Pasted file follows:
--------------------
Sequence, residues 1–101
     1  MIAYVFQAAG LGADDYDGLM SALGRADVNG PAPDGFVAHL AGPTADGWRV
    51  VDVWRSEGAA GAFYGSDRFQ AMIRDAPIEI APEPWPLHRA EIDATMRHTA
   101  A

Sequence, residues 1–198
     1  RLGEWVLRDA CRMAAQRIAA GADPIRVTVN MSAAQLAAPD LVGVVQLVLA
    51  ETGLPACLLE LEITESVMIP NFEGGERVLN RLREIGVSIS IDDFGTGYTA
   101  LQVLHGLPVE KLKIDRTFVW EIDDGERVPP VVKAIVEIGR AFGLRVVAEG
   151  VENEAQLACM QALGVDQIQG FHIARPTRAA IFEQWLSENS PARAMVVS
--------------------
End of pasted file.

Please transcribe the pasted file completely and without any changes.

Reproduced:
Sequence, residues 1–101
     1  MIAYVFQAAG LGADDYDGLM SALGRADVNG PAPDGFVAHL AGPTADGWRV
    51  VDVWRSEGAA GAFYGSDRFQ AMIRDAPIEI APEPWPLHRA EIDATMRHTA
   101  A

Sequence, residues 1–198
     1  RLGEWVLRDA CRMAAQRIAA GADPIRVTVN MSAAQLAAPD LVGVVQLVLA
    51  ETGLPACLLE LEITESVMIP NFEGGERVLN RLREIGVSIS IDDFGTGYTA
   101  LQVLHGLPVE KLKIDRTFVW EIDDGERVPP VVKAIVEIGR AFGLRVVAEG
   151  VENEAQLACM QALGVDQIQG FHIARPTRAA IFEQWLSENS PARAMVVS